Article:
Culture In Conversation
As the world is becoming more multi-cultural, traditions and cultures are becoming more noticeable and celebrated. And with diversity and multi-culturalism thought to enrich societies and broaden horizons, it's important now more than ever to recognise and value the characteristics that make us unique. And with the likelihood of us working and/or living with people from all over the world increasing, the time is right to embrace diversity and learn about other cultures, so that we can refrain from unfairly stereotyping.
But, as our connections are often formed around common interests or shared history, it can be all too easy to stay within our comfort zones, rather than try to meet people who may appear different.
So, what is intercultural communication?
As the world is becoming smaller, it is becoming increasingly important to be able to communicate across cultures. Intercultural communication refers to the interaction between people from different cultural backgrounds. It involves understanding different norms, beliefs, perceptions and mentalities. It goes without saying then that Intercultural communication promotes multi-culturalism.
Armed with the knowledge of how to communicate effectively, you can learn from people from other cultures and share yours with them.
Creating a Conversation of Culture
Without interacting outside our comfort zone, it is easy to fall victim to stereotypical thoughts and misconceptions, particularly when meeting people from other cultures. Often, the first thing most of us do when meeting people from a new culture is to focus on differences. But solely focusing on differences can have its downsides. For instance, there's a fair chance we could be wrong and find ourselves heading for a social faux pas. But, if we don't focus on differences, what can we do to be more effective in communicating across cultures?
In our experience, an equally credible and practical alternative is to focus on similarities. This thoughtful change in outlook can have some pretty powerful effects. You wouldn't approach a person thinking about all the ways you could be different; instead, you typically drift to similarities and discovering what you might have in common.
Read on to explore how culture and diversity influence interaction and how to initiate cultural conversations confidently and naturally to #keeptheconversationflowing.
Getting the Cultural Conversations Flowing
One of the reasons why intercultural communication is so challenging is the differences in the way people approach others. To understand the differences, social scientist Kurt Lewin developed a theory (later popularised by Dutch theorist Fons Trompenaars) that placed people into cultural categories.
Lewin believed that people belonging to 'peach' cultures tend to be more immediately friendly and familiar ('soft') with new acquaintances. They frequently smile at strangers, move to the first-name usage more quickly and ask personal questions of those they hardly know. But after a little friendly interaction with a 'peach', you may suddenly get to that shell where the peach protects its real self.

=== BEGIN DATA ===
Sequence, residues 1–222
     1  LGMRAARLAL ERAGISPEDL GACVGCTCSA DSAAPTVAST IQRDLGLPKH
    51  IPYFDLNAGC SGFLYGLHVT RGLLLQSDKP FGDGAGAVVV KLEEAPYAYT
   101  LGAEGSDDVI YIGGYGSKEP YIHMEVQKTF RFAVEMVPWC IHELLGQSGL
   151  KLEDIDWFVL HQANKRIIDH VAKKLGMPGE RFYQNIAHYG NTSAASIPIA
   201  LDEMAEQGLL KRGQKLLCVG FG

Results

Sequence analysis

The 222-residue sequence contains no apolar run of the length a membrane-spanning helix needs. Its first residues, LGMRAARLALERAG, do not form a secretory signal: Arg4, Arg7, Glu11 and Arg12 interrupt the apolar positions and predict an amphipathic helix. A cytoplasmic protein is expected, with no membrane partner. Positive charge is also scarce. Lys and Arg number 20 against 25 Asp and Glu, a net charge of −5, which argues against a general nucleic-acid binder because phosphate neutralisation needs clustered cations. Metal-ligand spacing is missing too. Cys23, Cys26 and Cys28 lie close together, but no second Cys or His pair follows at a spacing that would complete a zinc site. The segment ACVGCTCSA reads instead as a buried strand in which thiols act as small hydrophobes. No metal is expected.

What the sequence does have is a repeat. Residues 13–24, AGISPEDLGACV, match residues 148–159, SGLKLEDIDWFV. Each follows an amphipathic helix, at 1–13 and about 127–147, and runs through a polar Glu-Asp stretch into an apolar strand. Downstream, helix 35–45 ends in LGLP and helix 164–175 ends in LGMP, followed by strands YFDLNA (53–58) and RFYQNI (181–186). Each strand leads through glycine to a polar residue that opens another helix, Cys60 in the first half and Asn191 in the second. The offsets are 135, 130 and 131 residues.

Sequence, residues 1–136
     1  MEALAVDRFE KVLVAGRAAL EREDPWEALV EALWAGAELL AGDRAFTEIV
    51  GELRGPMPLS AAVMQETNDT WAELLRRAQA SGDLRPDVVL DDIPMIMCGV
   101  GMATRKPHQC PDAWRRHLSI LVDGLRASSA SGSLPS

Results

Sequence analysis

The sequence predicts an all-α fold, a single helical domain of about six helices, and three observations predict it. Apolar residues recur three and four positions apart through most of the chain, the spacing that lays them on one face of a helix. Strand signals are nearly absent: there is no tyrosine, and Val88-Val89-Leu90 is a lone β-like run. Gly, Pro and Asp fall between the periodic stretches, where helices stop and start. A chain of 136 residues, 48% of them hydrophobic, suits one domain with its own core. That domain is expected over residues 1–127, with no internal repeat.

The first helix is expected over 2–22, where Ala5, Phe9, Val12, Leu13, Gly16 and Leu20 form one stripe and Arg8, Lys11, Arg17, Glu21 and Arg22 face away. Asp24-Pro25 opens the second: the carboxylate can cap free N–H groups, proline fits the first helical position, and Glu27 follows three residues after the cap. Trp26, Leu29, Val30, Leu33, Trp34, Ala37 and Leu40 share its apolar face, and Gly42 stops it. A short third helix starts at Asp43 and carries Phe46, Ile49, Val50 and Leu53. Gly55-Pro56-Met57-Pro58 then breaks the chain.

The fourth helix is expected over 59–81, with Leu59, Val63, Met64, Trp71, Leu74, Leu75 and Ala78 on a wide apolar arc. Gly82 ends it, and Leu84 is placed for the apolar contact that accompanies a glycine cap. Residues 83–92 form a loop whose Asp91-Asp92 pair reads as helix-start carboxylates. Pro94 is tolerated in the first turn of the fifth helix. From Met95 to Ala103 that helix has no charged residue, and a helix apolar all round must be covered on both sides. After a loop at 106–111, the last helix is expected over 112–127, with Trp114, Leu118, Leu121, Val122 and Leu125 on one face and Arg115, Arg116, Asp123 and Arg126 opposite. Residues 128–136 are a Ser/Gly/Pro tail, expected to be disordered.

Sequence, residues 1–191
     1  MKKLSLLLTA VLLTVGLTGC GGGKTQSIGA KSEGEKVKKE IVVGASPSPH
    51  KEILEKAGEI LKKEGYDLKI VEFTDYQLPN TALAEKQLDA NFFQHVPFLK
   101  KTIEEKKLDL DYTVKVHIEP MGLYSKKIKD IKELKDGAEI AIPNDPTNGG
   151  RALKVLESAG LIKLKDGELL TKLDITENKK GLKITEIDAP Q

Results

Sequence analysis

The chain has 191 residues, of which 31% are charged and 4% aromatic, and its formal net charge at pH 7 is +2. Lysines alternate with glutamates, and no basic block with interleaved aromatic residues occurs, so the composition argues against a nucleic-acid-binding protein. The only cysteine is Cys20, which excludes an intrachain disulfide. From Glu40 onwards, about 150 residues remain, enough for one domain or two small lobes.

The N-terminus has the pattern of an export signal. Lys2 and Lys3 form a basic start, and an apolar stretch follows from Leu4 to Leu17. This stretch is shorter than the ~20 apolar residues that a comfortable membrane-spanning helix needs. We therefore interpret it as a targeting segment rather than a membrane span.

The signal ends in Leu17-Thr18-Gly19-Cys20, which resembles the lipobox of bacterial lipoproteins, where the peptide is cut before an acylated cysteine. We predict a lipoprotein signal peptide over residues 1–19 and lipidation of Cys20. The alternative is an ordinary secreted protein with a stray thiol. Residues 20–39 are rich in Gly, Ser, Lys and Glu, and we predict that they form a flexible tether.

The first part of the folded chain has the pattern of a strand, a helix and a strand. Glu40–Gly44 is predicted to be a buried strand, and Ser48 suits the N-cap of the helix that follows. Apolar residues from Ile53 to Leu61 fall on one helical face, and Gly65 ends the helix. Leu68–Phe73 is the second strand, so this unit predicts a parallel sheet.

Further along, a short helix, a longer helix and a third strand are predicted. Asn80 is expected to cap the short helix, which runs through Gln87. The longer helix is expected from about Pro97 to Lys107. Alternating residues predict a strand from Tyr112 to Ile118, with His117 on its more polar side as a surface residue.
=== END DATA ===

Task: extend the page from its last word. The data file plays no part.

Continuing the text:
People belonging to 'coconut' cultures, on the other hand, are initially more closed off from those they do not have friendships with. They rarely smile at strangers or ask personal questions. But over time, they become warmer and friendlier. And while relationships are built up slowly, they tend to last longer.
So, how do we approach the intercultural conversation respectfully and genuinely? An excellent way to prepare is to ask yourself whether the new culture is a 'peach' or a 'coconut'.
Here are some intercultural conversational starter tips to help you out:
- Share a little about you and your personal story: Who you are and where you're from. Use this as a way to start the conversation to find a connection.
- Ask open-ended questions that prompt a dialogue: Questions that are open-ended facilitate discussion. For example, where did you grow up, and what was most memorable about it? Such questions give the other person a chance to express themselves in a non-threatening manner which leads to positive communication.
- Compliment freely: Compliment people about something that you noticed and appreciated. Then tie it to a question. Using the approach of positivity, you can change a person's mindset from closed to more open about sharing their background.
The Importance of Culture in Conversation
Our cultures help to paint a picture of our lives, and so it's no wonder they can often be a popular topic of conversation. However, when we're learning about others, it's important to be considerate of their boundaries. Sharing and learning about our different cultures is an insightful and incredible experience, and certainly not something that should be shied away from.
How do you feel about culture in conversation? We would love to hear your thoughts on the experiences you have had. Leave a comment below or sign up to our newsletter for more interesting topics on lifestyle and culture.
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